Happy New Year! I hope you have had an enjoyable break and are well rested.
I say that because Access Matters Aotearoa need all hands on deck to reshape the Accessibility for New Zealanders Bill into something that truly will improve the lives of all New Zealanders.
You’ve told us that the Bill in its current form is extremely disappointing!
Social Services & Community Committee
The Social Services and Community Select Committee needs to actively listen to your oral submission. Many decision makers are not aware of, and don’t understand, the barriers that people with access needs face every day. They don’t seem to appreciate the urgency to remove barriers. The only way to get the change needed is to educate our politicians and help them understand what really matters, when it comes to implementing a new law to improve accessibility.
If decision makers don’t know what it is like to live with disability, or to have an access need, then they won’t know what we are talking about in relation to improving the Bill. Without education and understanding we can’t drive change. Your voice has never been more important than it is right now in this crucial debate!
Politicians, for whatever reason, seem to want to keep our expectations low. They need to know that, as your representatives in parliament, you have high expectations of them!
Help Our Political Leaders to Understand
You can help right now to ensure our politicians understand why it’s critical to do a lot more to improve the human rights, dignity and inclusion of New Zealand’s biggest minority: the 24% of Kiwis living with a disability.
Time is of the essence. We currently have a small window in which to shape Aotearoa New Zealand’s accessibility legislation, for the future. Your input is vital.
Please write to and visit Hon Poto Williams, Minister for Disability Issues - and your local MP and election candidates - to urge them to not to squander this opportunity.
At the very least, the Government must include accessibility standards in the Bill. We don't need to reinvent the wheel. It would be straight forward to adapt the Australian Disability Standards for use here. This step would mean quicker progress to achieve an inclusive and accessible Aotearoa New Zealand.
Here’s a comparison to show you how the current accessibility provisions of Auckland’s Spark Arena would look if the Australian Disability Standards were applied in Aotearoa New Zealand.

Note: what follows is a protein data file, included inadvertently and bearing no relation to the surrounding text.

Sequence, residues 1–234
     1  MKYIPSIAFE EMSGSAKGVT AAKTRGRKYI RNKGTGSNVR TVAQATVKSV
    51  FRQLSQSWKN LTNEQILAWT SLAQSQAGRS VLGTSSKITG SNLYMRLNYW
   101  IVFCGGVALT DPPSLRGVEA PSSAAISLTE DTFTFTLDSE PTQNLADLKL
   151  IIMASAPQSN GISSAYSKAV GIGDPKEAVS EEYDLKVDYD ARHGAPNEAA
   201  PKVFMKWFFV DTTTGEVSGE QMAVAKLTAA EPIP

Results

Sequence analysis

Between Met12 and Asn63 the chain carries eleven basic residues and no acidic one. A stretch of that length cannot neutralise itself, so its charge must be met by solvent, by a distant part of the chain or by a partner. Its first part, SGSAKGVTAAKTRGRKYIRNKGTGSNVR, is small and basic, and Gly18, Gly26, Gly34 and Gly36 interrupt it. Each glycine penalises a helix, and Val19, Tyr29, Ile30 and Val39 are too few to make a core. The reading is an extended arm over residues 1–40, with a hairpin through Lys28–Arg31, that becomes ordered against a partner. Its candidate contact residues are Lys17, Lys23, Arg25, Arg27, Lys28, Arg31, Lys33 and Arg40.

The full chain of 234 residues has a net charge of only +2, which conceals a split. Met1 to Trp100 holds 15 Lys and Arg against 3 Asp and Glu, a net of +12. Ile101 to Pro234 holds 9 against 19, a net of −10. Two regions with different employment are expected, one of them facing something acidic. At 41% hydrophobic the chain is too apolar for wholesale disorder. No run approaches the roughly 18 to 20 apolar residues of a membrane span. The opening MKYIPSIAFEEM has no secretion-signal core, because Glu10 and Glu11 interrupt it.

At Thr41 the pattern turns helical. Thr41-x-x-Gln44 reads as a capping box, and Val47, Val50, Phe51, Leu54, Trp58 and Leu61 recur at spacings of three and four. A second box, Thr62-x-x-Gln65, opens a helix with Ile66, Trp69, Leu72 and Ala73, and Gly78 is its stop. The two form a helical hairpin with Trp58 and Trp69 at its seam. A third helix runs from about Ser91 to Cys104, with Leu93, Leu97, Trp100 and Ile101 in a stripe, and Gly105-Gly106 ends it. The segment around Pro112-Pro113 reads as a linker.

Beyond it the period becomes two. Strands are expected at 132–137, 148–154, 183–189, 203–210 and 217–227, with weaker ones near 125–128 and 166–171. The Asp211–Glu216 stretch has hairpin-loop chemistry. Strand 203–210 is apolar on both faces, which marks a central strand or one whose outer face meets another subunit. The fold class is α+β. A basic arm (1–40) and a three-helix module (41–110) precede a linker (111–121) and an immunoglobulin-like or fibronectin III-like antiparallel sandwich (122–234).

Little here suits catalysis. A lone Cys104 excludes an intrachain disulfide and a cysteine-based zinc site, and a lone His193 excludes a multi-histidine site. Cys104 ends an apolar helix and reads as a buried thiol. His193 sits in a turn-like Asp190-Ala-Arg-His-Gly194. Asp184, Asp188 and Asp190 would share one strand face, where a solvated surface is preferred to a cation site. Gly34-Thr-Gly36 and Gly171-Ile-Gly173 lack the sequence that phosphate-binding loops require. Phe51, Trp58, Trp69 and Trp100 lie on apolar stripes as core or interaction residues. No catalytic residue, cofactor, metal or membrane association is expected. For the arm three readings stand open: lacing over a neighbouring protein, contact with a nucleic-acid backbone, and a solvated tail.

To assist to get a meeting with the Minister for Disability Issues or your local MP, please use our handy template letters in the Resources section of the Access Matters Aotearoa website. The campaign team is also on hand to help you. To make the most of your meeting with the Minister and/or your MP we have also provided a tool kit of handy tips.
Remember to sign and share our petition calling on the Government to expand the scope of the Accessibility for New Zealanders Bill.
David Lepofsky, our international expert on accessibility law, visited Aotearoa New Zealand in 2017 and again in 2019 to support our campaign. He is an acclaimed Canadian Accessibility Advocate and legal expert, and a long-time supporter and catalyst for the Access Matters campaign. I’m delighted to announce that David will visit Aotearoa New Zealand again from 13 – 27 February. He will run a masterclass for campaigners on practical tactics to advance disability rights. More details to come – watch this space!
I am also pleased to announce that Jan Logie MP will receive the Access Matters Aotearoa petition at Parliament on 22 February. Access Matters Aotearoa is working hard to get more people to sign the petition. Time is of the essence. Please encourage your friends, family, whānau and colleagues to sign the petition. I hope as many campaigners as possible will be able join us at the petition presentation. More details to come – again, watch this space!
Passionate Future-Focused Campaigners
The Access Matters movement consists of passionate future-focused people like you, who want a better future for our kids and mokopuna. Our collective skills and experience are needed now more than ever.
Access Matters Aotearoa
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